NY Times Editorial March 3 2003
(from Jersey Coast Anglers Association April 2003 Newsletter)
A bipartisan group in Congress has now moved to reassert the historical reach of the Clean Water Act to protect all the waters of the United States — not just those chosen for protection by the Supreme Court, the Bush administration or the Army Corps of Engineers It's a necessary move. An ill-considered Supreme Court decision two years ago narrowed safeguards for certain isolated wetlands long covered by the law. Then, in January, the administration invited a further reinterpretation of the statute that could narrow its scope far more severely than the court required — enriching commercial interests while impoverishing the environment.
For more than 30 years, the act has been broadly interpreted as shielding everything from large navigable rivers and lakes to seasonal streams and "prairie potholes" from pollution and unregulated development. In 2001, however, the Supreme Court ruled that the law could not be applied to certain "isolated" wetlands if the only reason for doing so was their use by migratory birds. The court did not rule out other reasons for protecting these wetlands, like fishing and irrigation. Nevertheless, the administration — arguing that the decision had created confusion among federal and state regulators — chose to open key sections of the act to public review, including the fundamental (and until now well-settled) issue of which waters deserve protection and why.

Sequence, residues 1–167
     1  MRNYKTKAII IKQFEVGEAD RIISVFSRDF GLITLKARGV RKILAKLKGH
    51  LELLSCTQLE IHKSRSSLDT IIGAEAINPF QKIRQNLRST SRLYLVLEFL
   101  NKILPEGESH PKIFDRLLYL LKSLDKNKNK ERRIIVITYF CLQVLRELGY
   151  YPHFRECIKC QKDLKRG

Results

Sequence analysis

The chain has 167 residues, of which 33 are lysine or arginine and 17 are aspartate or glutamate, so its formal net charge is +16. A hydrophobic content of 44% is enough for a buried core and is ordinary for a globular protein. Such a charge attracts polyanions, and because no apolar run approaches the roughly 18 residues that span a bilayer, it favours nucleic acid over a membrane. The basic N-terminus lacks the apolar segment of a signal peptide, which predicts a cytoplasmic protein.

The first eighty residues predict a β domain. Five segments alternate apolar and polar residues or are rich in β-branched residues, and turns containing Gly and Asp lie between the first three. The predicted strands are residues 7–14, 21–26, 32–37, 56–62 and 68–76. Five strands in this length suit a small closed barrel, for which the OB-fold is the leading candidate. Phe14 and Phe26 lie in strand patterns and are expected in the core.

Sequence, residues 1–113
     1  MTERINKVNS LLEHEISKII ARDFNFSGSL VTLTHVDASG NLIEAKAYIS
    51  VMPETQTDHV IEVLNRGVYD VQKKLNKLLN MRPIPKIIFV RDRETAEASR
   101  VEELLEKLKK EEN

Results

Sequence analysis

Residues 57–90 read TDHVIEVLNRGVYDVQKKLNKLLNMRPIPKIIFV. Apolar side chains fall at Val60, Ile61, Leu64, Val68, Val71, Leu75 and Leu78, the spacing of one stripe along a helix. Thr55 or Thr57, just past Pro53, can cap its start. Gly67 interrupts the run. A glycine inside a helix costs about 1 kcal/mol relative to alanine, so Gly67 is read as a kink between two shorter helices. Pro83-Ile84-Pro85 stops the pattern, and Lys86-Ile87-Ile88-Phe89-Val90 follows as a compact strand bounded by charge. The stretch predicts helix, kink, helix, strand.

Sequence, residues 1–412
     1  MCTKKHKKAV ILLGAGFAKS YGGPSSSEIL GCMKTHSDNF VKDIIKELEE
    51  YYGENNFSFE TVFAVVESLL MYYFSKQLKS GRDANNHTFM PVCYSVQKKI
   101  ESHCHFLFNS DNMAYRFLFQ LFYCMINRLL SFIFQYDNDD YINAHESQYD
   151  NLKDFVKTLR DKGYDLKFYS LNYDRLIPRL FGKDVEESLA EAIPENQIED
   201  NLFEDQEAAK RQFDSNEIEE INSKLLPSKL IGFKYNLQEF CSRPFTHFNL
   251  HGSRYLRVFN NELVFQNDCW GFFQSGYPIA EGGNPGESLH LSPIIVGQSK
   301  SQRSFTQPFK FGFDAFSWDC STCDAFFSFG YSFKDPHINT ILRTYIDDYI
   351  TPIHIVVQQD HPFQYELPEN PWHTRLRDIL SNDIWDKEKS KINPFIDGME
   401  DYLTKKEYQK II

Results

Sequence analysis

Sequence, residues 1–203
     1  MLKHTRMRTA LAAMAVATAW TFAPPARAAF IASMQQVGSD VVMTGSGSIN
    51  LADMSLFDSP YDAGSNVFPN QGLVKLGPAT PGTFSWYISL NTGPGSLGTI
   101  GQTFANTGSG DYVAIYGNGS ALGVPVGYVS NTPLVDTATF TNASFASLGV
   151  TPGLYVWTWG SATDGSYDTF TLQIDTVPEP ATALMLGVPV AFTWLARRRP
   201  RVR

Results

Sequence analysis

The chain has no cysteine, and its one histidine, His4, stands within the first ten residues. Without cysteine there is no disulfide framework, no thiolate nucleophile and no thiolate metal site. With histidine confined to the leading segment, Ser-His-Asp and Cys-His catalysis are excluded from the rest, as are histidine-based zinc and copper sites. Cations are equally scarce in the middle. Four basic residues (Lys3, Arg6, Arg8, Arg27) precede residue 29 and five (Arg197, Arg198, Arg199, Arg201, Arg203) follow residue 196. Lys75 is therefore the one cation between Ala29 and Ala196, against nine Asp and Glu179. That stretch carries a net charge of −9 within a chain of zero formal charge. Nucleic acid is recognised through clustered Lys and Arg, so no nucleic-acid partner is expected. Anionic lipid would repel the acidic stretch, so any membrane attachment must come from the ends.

Given the administration's ties to real estate, oil and mining interests — groups that have long resented the act's restrictions — conservationists fear that this review process can have only one result, shrinking protections not only for prairie potholes but also small streams, wetlands adjacent but not visibly connected to navigable waters, even tributaries of bigger rivers.
Christie Whitman, administrator of the Environmental Protection Agency, says that won't happen. But history provides an uneasy precedent. In 1991, with the economy sputtering as it is now, the first Bush administration proposed new rules that would have exposed half the country's wetlands to development, including much of the Everglades. Only the determined opposition of William Reilly, then boss of the E.P.A., saved the day.
Perhaps Mrs. Whitman can do the same. But just to make sure, Congress should clarify the law so that it says in unmistakable terms that small water bodies deserve the same protection as large ones.
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